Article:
Michaeline: Debate: How hot is summer romance?

1908 girl in a skirted bathing costume having fun on a dock while two admiring boys splash in the water below.

“Oh, how we would laugh at anything!” — kd lang, “Summerfling” (Image via Wikimedia Commons)

Well, dear readers, do you like a romance set in the summer? There’s no denying that there’s nothing better than lolling on the sofa during a heatwave with a cold drink and an engrossing romance (unless it’s lolling on the sofa during a winter storm with a hot drink and an engrossing romance). But have you set your romances in the summer? Or do you have any favorites that involve sun and heat?

Here in northern Japan, we’ve been enduring 35C (95F) temps for more than a week, and Hokkaido is not used to this. We don’t have an air conditioner in our home, and none of my schools have AC, either. We’re on summer break, so when we’re not doing special classes, we’re in a government high-rise, and the summer code-word ever since 2005 has been “cool biz” – it’s an effort to conserve energy which includes shirt-sleeved business shirts, and also keeping the air conditioning on the edge of comfort – I’d guess about 27 to 28 C. (That’s 80 to 82F for the Americans playing the sympathy game at home.) The campaign got a boost after the energy crisis after the 3/11 earthquake, and was lengthened from May to October.

So, I can say for sure that in REALIA, the heat sucks. How about in Romancelandia?

Heatwave + Romance CONS.

It’s too darn hot, and Cole Porter recognized this way back in 1948. (YouTube clip from Kiss Me, Kate 10:55)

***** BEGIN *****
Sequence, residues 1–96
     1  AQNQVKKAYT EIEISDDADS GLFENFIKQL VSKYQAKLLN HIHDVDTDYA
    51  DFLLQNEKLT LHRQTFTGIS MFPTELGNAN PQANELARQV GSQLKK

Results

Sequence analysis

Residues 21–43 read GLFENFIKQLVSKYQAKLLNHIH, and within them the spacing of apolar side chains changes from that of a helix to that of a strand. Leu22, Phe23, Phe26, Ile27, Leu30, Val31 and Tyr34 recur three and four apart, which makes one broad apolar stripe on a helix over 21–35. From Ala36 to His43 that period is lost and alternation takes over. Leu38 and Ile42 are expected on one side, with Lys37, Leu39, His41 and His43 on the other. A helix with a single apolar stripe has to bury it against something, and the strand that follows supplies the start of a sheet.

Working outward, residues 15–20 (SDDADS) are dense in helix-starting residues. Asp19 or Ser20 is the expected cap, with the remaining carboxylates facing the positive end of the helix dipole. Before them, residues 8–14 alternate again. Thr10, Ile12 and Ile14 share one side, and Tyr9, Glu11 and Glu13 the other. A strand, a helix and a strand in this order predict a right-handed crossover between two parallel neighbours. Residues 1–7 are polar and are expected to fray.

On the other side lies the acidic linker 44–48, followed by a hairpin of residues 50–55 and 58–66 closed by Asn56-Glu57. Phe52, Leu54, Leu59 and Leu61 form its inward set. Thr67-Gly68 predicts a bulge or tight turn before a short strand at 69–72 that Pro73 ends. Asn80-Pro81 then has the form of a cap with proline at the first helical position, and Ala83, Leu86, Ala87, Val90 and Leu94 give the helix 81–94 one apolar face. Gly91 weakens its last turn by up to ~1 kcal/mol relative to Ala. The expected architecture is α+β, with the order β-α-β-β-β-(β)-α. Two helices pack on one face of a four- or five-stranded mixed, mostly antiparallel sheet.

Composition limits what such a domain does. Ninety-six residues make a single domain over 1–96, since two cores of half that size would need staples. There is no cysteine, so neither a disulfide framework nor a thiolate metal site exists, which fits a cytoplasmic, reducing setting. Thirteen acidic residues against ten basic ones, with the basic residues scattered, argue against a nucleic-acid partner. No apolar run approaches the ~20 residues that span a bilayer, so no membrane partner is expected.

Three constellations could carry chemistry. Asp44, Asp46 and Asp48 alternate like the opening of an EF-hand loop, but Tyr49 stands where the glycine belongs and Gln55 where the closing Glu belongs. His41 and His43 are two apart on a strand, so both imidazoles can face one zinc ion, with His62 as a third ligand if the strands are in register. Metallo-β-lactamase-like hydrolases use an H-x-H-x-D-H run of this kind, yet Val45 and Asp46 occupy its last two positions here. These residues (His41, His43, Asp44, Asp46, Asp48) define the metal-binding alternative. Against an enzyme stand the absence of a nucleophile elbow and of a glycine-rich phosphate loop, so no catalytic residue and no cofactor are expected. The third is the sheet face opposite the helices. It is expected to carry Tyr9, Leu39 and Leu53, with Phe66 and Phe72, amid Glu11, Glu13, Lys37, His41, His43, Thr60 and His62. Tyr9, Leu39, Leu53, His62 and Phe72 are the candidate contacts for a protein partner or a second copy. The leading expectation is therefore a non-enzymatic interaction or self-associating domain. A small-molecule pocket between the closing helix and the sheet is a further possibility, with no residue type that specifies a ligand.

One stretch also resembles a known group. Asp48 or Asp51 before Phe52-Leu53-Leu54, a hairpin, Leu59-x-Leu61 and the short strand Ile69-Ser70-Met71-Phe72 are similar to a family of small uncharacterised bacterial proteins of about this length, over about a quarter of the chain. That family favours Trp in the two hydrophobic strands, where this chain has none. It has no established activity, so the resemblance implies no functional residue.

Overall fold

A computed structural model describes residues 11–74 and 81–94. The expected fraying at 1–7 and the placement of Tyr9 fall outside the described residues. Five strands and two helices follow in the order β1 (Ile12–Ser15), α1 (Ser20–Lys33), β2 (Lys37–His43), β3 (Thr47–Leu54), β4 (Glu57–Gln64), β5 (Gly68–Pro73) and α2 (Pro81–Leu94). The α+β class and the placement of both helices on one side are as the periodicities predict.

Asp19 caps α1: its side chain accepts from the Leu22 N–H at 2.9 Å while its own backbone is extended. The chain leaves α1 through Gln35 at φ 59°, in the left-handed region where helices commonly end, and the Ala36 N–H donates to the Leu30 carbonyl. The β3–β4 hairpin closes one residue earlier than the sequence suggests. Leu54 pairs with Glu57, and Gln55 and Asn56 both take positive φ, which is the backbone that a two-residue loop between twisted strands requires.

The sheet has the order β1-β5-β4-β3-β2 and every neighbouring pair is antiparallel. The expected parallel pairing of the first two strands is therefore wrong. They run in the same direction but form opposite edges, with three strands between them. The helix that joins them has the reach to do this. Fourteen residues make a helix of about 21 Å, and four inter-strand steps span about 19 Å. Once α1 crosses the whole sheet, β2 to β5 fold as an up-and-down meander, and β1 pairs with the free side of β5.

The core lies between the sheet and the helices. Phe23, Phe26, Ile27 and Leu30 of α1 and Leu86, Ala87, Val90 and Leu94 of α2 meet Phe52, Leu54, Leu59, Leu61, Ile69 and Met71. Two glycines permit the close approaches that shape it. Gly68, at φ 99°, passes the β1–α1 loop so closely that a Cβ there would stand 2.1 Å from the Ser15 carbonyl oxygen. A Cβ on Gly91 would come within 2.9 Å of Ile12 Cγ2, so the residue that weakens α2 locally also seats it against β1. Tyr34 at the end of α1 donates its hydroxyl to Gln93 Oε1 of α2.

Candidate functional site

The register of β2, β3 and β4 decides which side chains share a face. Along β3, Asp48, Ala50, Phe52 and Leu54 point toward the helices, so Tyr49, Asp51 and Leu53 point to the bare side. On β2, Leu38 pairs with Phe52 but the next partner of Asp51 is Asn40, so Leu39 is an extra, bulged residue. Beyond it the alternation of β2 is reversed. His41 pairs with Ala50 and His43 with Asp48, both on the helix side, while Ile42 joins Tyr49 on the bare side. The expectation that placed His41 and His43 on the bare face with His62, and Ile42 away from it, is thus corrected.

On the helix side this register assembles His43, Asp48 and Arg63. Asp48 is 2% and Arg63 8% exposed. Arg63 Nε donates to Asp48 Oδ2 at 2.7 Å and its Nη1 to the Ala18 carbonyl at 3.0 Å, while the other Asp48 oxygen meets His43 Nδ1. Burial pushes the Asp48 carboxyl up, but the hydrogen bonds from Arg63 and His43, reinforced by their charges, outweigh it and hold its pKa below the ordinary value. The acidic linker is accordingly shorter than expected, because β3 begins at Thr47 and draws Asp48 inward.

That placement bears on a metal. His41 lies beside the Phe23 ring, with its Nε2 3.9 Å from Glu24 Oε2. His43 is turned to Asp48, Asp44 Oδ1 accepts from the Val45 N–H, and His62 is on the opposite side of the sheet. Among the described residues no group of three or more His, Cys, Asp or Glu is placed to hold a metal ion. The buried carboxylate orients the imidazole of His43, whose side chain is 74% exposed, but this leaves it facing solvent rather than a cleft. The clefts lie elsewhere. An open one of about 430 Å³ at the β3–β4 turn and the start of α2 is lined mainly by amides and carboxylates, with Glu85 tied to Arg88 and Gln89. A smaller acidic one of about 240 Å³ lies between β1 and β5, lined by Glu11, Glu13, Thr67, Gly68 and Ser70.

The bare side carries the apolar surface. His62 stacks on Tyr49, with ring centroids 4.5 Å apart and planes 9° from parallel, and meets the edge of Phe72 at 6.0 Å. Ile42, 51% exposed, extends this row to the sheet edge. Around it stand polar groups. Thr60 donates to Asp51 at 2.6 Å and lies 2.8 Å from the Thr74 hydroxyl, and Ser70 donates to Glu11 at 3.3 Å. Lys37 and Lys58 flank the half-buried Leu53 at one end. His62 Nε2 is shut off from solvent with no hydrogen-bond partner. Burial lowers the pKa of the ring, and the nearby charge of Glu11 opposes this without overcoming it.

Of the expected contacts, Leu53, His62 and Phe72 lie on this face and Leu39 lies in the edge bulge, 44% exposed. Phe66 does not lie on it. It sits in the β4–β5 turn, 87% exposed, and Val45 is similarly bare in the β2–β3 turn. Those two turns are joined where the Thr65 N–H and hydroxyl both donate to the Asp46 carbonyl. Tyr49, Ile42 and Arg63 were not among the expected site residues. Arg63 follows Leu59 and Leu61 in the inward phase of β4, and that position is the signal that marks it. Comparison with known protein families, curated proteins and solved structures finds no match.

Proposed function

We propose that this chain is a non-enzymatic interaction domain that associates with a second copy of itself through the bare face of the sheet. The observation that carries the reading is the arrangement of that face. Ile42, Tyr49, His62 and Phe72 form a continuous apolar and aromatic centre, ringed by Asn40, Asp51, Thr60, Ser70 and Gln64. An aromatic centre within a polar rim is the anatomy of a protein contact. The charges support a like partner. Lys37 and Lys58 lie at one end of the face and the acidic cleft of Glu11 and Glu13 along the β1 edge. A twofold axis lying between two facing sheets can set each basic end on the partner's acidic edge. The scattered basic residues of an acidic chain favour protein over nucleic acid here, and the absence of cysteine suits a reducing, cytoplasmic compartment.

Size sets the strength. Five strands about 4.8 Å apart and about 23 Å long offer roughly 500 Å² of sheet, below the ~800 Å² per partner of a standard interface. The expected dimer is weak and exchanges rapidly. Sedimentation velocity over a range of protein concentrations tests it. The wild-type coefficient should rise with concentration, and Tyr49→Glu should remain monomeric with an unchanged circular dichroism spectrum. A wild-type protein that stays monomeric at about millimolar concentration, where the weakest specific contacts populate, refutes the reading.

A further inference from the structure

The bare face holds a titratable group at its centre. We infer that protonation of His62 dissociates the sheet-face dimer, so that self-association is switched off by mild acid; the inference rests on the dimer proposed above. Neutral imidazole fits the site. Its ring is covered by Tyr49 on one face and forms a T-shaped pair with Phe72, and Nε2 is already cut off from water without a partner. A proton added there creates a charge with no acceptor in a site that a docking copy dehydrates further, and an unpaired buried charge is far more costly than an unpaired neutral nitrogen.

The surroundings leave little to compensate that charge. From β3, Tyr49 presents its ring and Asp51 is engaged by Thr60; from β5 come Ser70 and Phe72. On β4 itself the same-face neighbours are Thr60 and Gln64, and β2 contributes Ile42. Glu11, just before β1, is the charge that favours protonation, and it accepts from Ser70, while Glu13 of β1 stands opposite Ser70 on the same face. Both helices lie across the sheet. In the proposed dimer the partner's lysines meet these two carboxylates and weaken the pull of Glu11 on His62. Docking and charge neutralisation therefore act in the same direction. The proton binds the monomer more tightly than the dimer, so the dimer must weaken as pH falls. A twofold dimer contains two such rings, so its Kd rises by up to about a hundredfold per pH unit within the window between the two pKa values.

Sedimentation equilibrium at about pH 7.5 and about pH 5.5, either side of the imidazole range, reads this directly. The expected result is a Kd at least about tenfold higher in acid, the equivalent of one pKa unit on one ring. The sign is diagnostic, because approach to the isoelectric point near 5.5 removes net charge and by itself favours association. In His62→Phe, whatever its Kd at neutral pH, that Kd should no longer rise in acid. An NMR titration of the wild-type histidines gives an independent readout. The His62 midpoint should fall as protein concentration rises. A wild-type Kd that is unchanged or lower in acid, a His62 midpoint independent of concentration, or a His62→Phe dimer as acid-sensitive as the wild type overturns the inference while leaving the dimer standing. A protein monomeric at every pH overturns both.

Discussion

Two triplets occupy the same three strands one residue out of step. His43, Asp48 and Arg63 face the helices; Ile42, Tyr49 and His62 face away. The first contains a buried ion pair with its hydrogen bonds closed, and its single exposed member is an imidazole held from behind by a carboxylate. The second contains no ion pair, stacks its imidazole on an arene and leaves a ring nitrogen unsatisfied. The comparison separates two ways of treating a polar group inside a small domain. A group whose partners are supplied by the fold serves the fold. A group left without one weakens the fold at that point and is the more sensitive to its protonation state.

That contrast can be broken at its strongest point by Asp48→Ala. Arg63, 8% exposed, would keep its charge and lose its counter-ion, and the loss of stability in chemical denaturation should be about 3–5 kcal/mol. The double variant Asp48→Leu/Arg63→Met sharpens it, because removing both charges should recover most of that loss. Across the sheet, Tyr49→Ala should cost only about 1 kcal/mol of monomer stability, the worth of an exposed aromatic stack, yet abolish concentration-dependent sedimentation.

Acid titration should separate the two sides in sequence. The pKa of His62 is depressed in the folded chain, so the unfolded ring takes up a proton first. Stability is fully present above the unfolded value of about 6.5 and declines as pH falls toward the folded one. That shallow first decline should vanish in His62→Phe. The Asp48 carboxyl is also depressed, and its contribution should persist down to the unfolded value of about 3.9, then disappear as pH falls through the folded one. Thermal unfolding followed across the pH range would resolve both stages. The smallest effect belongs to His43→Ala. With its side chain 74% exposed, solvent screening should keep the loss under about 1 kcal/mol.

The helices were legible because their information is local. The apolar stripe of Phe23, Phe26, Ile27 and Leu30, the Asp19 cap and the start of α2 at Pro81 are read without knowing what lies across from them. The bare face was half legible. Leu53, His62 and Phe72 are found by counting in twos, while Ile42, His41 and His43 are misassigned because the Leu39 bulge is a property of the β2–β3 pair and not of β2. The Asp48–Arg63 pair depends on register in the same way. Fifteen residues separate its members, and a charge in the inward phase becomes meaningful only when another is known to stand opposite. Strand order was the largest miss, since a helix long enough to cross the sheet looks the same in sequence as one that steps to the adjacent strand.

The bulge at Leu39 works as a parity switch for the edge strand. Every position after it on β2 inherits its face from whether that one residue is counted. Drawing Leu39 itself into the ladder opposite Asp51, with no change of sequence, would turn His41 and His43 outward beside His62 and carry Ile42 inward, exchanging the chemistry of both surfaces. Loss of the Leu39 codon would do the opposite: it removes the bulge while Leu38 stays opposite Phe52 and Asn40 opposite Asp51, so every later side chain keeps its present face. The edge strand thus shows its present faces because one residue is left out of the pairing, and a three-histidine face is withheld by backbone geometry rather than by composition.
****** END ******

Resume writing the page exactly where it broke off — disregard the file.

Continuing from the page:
I’m pretty sure “Sweet summer sweat” is a fantasy trope. (“Hotel California” Eagles Live 6:48) Stuff STINKS during summer heat, and places stink, and people stink.

When the temperature rise, tempers get short. People get into stupid arguments, and it’s such an effort to be polite. It’s even more of an effort to apologize. If there’s a crowd of cranky people, it can easily turn into a riot.

Lack of appetite. For everything. Ugh.

Heatwave + Romance PROS

After a super-hot day, the cool evening seems like a blessed relief. Romance under a full summer moon? Fireworks by the river? Dancing under the stars? Mmm, yes, please!

A woman lounging on a hammock as a man brings them drinks. She's holding a book, and her fan is on the ground.

This cartoon was originally published on February 8, 1904 — the summer in our mind is often a distilled version of the summer our bodies experience. (Image via Wikimedia Commons)

While the stink of summer is real, there are flowers blooming, and also many chances to wear scent – a spritz of lemony cologne or a dalliance under the roses . . . and the fresh smell of a newly mown lawn is full of vanilla overtones. Plus, stink means there’s a good reason to have showers!

And let’s talk about summer and water! By the seaside, suntan lotion must be applied, whether you love the person or hate them. The pool is a perfect place to cool down and flirt, and minimal clothing is the social contract! After a hot argument, getting sprayed by (or spraying) a hose (or an automated lawn system) can feel less like aggressiveness and more like a relief.

While I’m talking about arguments, just like a cool evening is so welcome after a hot day, making up is so sweet after a hot and cranky argument. It’s good to get the truth out in the open, and while it’s hard to deal with it in the heat, it’s not impossible.

Countering the lack of appetite argument, the food that is appetizing is often sexy. Popsicles. Ice cream with a cherry on top. Cold drinks that go clink-clink-clink when swirled gently by an MC’s lazy hand. Tapas and other finger foods! Garden tomatoes, ripe off the vine. Hand-feeding a partner with sweet bits of fruit. “Peel me a grape, Beulah!” Do I dare to eat a peach?

Summer clothes are a definite romantic plus. As I mentioned, minimal clothing is de rigeur pool side. Flirty sundresses, handsome shorts, bicep-baring shirts – the loud-printed blouse that flirts with the wind, revealing and concealing the curve of a clavicle.